Overnight Energy & Environment

Overnight Energy: EPA penalties for polluters cut in half under Trump | Court orders regulators to implement Obama efficiency rules | Sully weighs in on Pruitt’s first-class travel

Getty Images

EPA PENALTIES FOR POLLUTERS CUT IN HALF UNDER TRUMP: The amount of civil penalties charged to polluters by the Environmental Protection Agency (EPA) dropped by nearly half under President Trump, according to a new study released Thursday.

The report by the Environmental Integrity Project (EIP) found that in the year since Trump’s inauguration, the penalties companies were forced to pay for violating regulations dropped by 49 percent compared to in President Obama’s first year.

Looking specifically at penalty amounts determined for cases lodged by the Trump administration, EIP found the Trump EPA collected $30 million compared to $71 million and $50 million in penalties under the Obama and George W. Bush administrations, respectively.


The report also found the number of cases filed against polluters by the Trump administration dropped drastically. There were 44 percent fewer cases opened under Trump than Obama in the first year of their administrations. In 2017, Trump recommended the Justice Department prosecute 48 civil cases compared to 71 civil cases prosecuted in 2009 under Obama. Comparatively, Bush officials lodged 112 cases in his first year in office.

“President Trump’s dismantling of the EPA means violators are less likely to be caught, making illegal pollution cheaper,” said Eric Schaeffer, EIP executive director and former director of EPA enforcement, in a statement. “The president’s ‘law and order’ agenda apparently wasn’t intended for fossil fuel companies and other big polluters.”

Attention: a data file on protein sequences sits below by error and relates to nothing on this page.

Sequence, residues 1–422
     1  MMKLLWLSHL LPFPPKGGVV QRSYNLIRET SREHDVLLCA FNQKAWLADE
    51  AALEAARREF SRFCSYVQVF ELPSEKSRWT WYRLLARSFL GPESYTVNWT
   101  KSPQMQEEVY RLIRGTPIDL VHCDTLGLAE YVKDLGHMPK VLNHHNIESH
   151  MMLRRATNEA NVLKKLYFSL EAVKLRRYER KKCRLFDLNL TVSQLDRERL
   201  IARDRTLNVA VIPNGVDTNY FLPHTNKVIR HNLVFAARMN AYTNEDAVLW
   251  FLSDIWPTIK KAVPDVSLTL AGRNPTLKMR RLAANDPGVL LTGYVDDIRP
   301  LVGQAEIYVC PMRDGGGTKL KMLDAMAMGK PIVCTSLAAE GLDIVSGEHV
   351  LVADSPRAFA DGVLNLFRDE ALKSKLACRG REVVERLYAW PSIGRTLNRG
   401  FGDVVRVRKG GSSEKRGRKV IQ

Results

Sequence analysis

Read more here.


COURT ORDERS REGULATORS TO IMPLEMENT EFFICIENCY RULES: The Trump administration must implement four energy efficiency regulations that it has delayed for more than a year, a federal court ruled Thursday.

The Department of Energy (DOE) wrote the rules and made them public in December 2016, under the Obama administration.

But when President Trump took office Jan. 20, 2017, his administration took advantage of a 45-day window for error corrections to review the rules and potentially scuttle them. The DOE still has not published the rules in Federal Register, the final step to implement them.

“This failure is a violation of the department’s duties under the Energy Policy and Conservation Act,” Judge Vince Chhabria, who former President Barack Obama nominated to the federal District Court for the Northern District of California, wrote in the Thursday ruling.

“Summary judgment is therefore granted to the plaintiffs on this claim, and the department is ordered to publish the standards within 28 days of this ruling.”

The ruling is a setback to the Trump administration’s efforts to delay, weaken or undo major parts of Obama’s aggressive environmental agenda.

At issue in the Thursday case are rules setting energy efficiency standards for portable air conditioners, air compressors, commercial packaged boilers and uninterruptible power supplies.

DOE spokeswoman Shaylyn Hynes said the agency is reviewing the decision and considering its next steps.

Read more here.


SULLY WEIGHS IN ON PRUITT’S TRAVEL: Famous retired airline pilot Chesley “Sully” Sullenberger weighed in on EPA head Scott Pruitt’s premium-class flying record, saying there’s no reason first class is safer.

Pruitt and the EPA have cited security concerns to justify him using taxpayer funds to fly in first or business class, despite government standards meant to limit official travel to coach class.

“First class is not safer than economy,” Sullenberger told The Washington Post.

Some safety experts the Post spoke with agreed with Sullenberger.

“I cannot think of anything” that would make sitting up front safer, Harro Ranter, chief executive of the Aviation Safety Network, told the Post. “In an actual accident, best chances of survival are usually in the rear.”